Why Links Matter/ed – PageRank   Introduction to PageRank   When you have the job of organizing the world-wide-web, you need some method of assigning value to each page the web contains. For Google and its creators Larry Page and Sergey Brin, this value came to be known as PageRank. This arbitrary value is a combination of several parameters associated with any and every page saved to their index. PageRank is meant to offer an ‘absolute quality’ for any given page. It was understood in the early years of Google (circa 2008-2010) that the top elements used in PageRank were links pointing to pages (+), the number of links on a page (-), and page-level qualities (e.g. technical coding, content, terms, etc.). As far back as 1998, when Page and Brin initially presented Google to Stanford University, the idea of their indexing system was to evaluate content on the web and present the findings to users for easy accessibility. During the process of evaluation each page would be indexed, quantified and stored based on over 200 factors. In 2014, what matters the most in that evaluation? Not only to businesses but also to Google? What Matters in 2014 for PageRank Over the years we have all become a little jaded when we hear the term ‘algorithm’ when having conversations about Google. “Hey, did you hear about the latest algo change?” “The local algo is really messing with my business.” We may have forgotten the mathematics involved in Google’s process of ranking and valuing. There is a lot of science behind the Google algorithm(s). Even with all the updates, the fact that search platforms use mathematic equations has stayed the same. The updates the Google team makes are centered on the quality of the indexed results, incorporation of user feedback (this is where ‘organic’ comes from) and the inclusion of their business plan (sadly). Money is now a major motivator of the search algorithm and the changes being made. So, in 2014, what factors are within our power to influence search to position our web pages in prime positions?   Five Facts of PageRank Links – As with the first iterations of the Google algorithm, links are a primary factor in the mathematics used to determine the value of a web page. The algorithm has evolved past just looking at the number of links and focuses more on the quality of links. This means, the links pointing at a web page pass value, but that value is evaluated for relevancy along with some concern with ‘why’ the link exist. Why is this page linking to that page (and visa versa)? Why would a user click on the link? Ensuring pages linking to your web page(s) are appropriate is vitally important. Content – Building a great site is one thing, having tons of great links is another, but all of that only makes since when the content of the site is worthy of existing. Content is king but only when the kingdom is worthy of subjects! The best kind of links come from users that enjoy your content; whether it is a product, service, educational, informational, or just entertaining. The content is the meat of the experience, without it the page is just an empty plate. Context – Theme here is that links bring visitors, those visitors are looking for content relevant to them and their interest. Context gives them reason to read, digest the content, and finally act. Pages on the Internet exist to have users take action in some form. By definition context helps them understand why the page...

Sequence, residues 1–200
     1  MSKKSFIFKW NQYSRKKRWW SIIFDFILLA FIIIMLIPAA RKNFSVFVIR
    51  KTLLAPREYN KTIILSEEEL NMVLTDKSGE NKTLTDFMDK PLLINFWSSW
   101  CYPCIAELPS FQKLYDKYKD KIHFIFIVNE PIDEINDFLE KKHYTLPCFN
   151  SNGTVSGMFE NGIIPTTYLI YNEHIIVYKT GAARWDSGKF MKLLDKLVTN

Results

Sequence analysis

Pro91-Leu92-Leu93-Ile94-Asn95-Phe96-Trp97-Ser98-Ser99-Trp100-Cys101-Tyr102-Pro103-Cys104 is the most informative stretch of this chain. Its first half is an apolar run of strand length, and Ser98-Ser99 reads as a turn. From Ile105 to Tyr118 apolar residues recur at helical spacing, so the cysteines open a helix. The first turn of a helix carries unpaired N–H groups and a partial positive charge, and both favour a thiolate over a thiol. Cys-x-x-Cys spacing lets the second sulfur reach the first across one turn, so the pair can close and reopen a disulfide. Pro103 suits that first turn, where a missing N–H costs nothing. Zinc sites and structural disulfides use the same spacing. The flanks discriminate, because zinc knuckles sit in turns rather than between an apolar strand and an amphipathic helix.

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Local Search Update, Codename: Pigeon

Google Gets Pigeon-Focused In Local Search Yeah, we know, another goofy animal name for something that really impacts the way we live our lives and conduct business everyday; but it’s better than Codename: Fluffy Bunny. So, what do we know about this update after a few days with it. According to Search Engine Land, the focus of the update is to “provide a more useful, relevant and accurate local search results that are tied more closely to traditional web search ranking signals.” This resulted in a few noticeable alterations to the organic and Map results (and some less-than-noticeable changes). User searches pull in more local results for both organic and Maps. Map searches contain local results showing the cumulative reviews score and number of reviews first, business category, a shortened description followed by address. (It’s interesting to note that clicking on the Red Robin listing shows that the Map result is tagged with UTM code.) Organic searches see a different mix of local results in the local banner. Some contain reviews, owner submitted pictures, and details, and others do not. Along with this, the option to organize by price, rating and hours is available. Adding in local qualifiers alters the results significantly. (Below, Burgers vs Nashville Restaurants) Behind the scenes, the algorithm update improves the distance and location evaluation for searches, according to Google. The Wrapper As with any algorithm update, the SERPs will be in flux for the next few weeks as the system re-indexes and re-evaluates businesses against the new parameters. This may result in duplicates or multiple listings for the same business in the local pack and organic results or listings disappearing for a period only to return later....